Next year, they should go the other way and drastically reduce the size of an on-board tank. This would have two effects - 1. promoting more fuel-efficient cars that might even be so fuel-efficient that they'd be able to save a stop, or at least race with a lighter fuel load, and 2. more pit stops is always good. NASCAR is only entertaining during mass pit stops these days - getting that feel in F1 could only help.

Yes, yes, F1 is supposed to be about racing and not strategy, but the engineering is differentiated between the cars and the drivers to consistent where it's probably unrealistic to expect passing over a long race without fuel issues.

Yes, lets punished the winner like Jimmie Johnson, who has consistently rose to the challenge a out performed everyone. Whats the point of competition when 42 other guys can't beat this one guy year in and year out. Better yet, why don't we just randomly draw straws and pick the winner that way, so everyone can win once in a while. Or I am sure it'll be much more popular, that Dale Jr. wins every race. The fan will show up in their tens of thousands, even if just to see a parade led by Jr.

I actually stopped watching F1 when Schumacher was winning everything and missed 2 entire years, 2006 and 2007. Which was a pity as they were good year. I am going to keep watching NASCAR because at some point Jimmie Johnson will lose and I want to be there.

If you look at motor sport over the last 10 years, drivers having long winning streaks is the normal.
In F1 Schumacher won 5 championships in a row (2000-2004) with 13 race wins in 2004.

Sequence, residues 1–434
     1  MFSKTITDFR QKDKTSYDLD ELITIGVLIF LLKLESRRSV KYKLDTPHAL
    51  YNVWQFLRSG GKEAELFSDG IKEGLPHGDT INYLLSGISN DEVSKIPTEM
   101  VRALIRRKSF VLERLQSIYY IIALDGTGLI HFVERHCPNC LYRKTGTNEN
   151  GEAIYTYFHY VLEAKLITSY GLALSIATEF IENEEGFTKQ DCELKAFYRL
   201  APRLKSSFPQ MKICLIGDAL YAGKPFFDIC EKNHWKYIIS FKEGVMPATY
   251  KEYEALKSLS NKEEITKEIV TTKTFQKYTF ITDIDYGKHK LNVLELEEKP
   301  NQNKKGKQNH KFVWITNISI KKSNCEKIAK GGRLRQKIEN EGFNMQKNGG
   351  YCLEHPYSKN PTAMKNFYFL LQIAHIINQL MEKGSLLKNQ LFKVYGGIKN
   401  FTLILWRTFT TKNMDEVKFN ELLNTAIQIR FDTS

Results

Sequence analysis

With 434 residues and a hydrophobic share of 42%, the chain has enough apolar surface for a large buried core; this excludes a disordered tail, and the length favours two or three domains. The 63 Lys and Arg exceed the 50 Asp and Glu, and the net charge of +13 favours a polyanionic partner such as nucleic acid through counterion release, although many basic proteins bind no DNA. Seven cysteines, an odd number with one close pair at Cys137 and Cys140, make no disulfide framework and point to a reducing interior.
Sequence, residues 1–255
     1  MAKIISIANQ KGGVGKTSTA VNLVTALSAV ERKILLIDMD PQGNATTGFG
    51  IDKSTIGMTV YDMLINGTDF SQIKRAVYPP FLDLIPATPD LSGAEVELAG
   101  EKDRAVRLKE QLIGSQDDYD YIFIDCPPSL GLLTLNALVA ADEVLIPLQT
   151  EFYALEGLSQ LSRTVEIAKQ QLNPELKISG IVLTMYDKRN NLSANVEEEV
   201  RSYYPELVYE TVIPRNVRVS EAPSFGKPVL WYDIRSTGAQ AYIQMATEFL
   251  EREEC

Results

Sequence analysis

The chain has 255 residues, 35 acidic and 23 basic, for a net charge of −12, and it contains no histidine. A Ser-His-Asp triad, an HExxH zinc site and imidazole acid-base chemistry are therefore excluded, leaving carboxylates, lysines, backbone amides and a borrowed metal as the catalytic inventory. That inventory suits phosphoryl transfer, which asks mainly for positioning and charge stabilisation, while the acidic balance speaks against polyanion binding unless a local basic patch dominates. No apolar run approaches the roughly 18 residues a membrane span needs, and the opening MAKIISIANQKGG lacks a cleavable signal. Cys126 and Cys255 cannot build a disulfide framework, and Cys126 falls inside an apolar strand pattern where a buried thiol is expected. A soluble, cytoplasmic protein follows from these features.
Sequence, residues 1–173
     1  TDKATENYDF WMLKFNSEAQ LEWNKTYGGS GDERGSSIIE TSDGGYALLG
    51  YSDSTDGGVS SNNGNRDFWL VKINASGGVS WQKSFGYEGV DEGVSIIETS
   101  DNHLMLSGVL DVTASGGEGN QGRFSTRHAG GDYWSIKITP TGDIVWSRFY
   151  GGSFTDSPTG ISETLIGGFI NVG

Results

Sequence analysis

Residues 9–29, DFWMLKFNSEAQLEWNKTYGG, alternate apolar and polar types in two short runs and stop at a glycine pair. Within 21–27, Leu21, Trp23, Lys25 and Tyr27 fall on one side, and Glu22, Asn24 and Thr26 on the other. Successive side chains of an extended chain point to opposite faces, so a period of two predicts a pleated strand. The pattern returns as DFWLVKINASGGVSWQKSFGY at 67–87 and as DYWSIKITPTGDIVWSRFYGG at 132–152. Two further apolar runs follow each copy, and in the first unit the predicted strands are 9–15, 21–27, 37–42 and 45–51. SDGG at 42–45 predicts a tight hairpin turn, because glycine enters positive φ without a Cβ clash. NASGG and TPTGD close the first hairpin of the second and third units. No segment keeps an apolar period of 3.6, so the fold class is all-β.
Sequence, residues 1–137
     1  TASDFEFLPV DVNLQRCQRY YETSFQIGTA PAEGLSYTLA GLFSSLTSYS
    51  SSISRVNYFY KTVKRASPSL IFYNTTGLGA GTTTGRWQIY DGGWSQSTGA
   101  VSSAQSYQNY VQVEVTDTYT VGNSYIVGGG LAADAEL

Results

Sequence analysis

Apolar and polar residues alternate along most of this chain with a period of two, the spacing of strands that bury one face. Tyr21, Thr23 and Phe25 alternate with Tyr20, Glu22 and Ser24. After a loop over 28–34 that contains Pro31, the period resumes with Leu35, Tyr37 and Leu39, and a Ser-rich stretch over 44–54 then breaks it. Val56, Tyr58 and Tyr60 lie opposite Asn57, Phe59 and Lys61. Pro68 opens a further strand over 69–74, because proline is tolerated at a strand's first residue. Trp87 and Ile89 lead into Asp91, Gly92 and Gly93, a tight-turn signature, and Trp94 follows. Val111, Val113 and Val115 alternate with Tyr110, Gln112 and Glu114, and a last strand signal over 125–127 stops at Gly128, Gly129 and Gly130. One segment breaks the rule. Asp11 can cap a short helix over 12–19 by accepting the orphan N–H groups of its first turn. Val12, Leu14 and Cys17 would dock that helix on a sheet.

In NASCAR Jimmie Johnson has won 4 straight championships, (2006-2009) and will probably win this year.
In WRC Sebastien Loeb has won 6 in a row (2004-2009).
In drag racing top fuel Tony Schumacher has won 6 in a row (2004-2009).
Before him John Force won 10 in a row (1993-2002).

I am hoping that other races in the F1 2010 season go better. I place a good part of the blame for the boring race on the Bahrain track as well; it was not ever a fun track, and the ridiculous, "revised" middle section just made it a slow race. At least Spa-Francorchamps has some majesty and character to its 6+ kilometres. Bahrain, on the other hand... well, I have no nice things to say.

The big issue, to me (and I'm sure to many others) is the turbulent air behind the modern F1 cars, causing aerodynamic problems for racers who want to follow closely for an overtake maneuver, as well as causing engine heat problems due to lack of airflow. I suspect the rear diffusers are to blame, but I'm no engineer.

In any case, I'm hoping that the first race of 2010 can be blamed mostly on the track; otherwise, I'll probably just stop watching this season and pay more attention to IndyCar and ALMS. NASCAR is only fun to watch when they go to Infineon or Watkins Glen, anyway.

As for F1 being boring in the past few years, I think that's a bit of a mistake. There have been many exciting moments in the past couple of years; the Brazilian GP has been exciting in the past couple of seasons. Really, it's moments like Belgium 2008 that make F1 fans eager to watch a race; the battle between Kimi Raikkonen and Lewis Hamilton during the closing laps of the race, with dampening conditions, made for one of the most memorable and exciting driver duels in a long time. That said, I only starting watching in 2008, when F1 was supposedly boring. Sure, the Raikkonen/Hamilton duel wasn't quite like the famous Arnoux/Villeneuve duel, but considering how much drivers talk about the difficulties in overtaking with the modern machinery, it's about as close as we can get.